Polo Crest has 14-16 hour longevity and above average sillage.
I was a wearer of the original Polo but I don’t think I ever saw a bottle of Polo Crest appear at my local department store. It is my conjecture that the floral nature of the heart made Ralph Lauren unsure of how to market it. I also think they went right back to the drawing board and in a little more than a year Polo Sport would arrive. That Polo Sport is still available and Polo Crest is discontinued tells you which generated more sales. Aesthetically I think Polo Crest is the best of the Polo flankers. I don’t think it could be released today because I suspect the oakmoss levels are too high. Lack of sales and lack of interest cause many perfumes to end up in the Dead Letter Office. Polo Crest was a casualty of both.
Disclosure: This review was based on a bottle I purchased.
When I received my first five samples from the new brand Ex Nihilo there was one which captured my attention straight away. It caught my attention simply by its name, Vetiver Moloko. I think Stanley Kubrick’s movie “A Clockwork Orange” based on Anthony Burgess’ novel is one of the great movies of the 1970’s. At the beginning of the film our protagonist Alex is sitting in the Korova Milkbar sipping a Moloko Vellocet, drug laced milk. The drink will lead the gang out to a night of “ultraviolence” and catalyze the rest of the movie. What was brilliant about that opening scene is visually it set the tone for everything in less than a minute. Seeing a fragrance called Vetiver Moloko made me wonder if the same could be done with a perfume.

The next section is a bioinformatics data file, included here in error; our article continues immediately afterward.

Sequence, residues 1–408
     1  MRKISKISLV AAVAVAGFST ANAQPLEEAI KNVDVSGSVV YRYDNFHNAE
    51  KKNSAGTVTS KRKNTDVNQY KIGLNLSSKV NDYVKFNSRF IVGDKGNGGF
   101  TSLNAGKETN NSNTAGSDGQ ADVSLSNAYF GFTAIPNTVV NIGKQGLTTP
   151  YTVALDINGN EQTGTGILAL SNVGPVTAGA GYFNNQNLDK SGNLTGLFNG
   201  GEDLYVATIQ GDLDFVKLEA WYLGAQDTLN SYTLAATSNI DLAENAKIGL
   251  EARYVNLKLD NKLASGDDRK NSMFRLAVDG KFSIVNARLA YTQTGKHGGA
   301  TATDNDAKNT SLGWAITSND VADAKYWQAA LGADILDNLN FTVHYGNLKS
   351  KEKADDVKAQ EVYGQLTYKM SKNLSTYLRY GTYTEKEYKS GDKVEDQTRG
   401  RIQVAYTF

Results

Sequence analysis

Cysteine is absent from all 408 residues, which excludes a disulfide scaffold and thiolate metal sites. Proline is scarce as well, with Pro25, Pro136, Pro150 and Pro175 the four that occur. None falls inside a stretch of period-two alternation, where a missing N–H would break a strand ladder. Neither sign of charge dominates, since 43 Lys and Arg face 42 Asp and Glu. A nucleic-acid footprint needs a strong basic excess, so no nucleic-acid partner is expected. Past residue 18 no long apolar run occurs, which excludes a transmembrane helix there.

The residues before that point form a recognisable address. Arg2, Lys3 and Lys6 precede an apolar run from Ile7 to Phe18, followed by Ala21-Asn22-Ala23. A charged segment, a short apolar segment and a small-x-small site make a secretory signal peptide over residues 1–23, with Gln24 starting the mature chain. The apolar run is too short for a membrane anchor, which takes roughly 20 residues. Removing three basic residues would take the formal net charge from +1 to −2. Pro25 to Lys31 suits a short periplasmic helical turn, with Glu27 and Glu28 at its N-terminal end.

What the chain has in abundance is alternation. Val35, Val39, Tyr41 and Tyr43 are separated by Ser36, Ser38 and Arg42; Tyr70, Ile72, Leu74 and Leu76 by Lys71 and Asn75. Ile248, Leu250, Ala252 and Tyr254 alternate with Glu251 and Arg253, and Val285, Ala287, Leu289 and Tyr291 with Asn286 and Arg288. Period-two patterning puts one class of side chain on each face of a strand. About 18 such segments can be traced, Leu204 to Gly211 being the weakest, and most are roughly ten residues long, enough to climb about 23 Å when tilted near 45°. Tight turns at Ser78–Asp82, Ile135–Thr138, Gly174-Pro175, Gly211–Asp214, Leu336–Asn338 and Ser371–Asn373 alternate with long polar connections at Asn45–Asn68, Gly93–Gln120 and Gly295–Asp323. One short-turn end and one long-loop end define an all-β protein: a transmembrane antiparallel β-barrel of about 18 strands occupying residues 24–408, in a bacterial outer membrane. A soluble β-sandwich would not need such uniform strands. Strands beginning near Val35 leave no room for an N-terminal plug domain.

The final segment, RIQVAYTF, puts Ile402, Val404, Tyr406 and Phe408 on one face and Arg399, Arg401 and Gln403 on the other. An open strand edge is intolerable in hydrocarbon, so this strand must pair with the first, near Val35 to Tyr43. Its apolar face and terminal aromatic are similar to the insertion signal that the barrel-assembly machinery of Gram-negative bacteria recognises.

The Korova Milkbar as depicted in Stanley Kubrick's "A Clockwork Orange"
The Ex Nihilo creative team of Olivier Royere, Sylvie Loday, and Benoit Verdier would ask perfumer Guillaume Flavigny to create something “unusual and addictive”. To not only take something as well-trodden as vetiver but to also give it a twist worthy of the name. M. Flavigny succeeds beyond my expectations. He keeps it simple but he creates milky addictive vetiver as requested.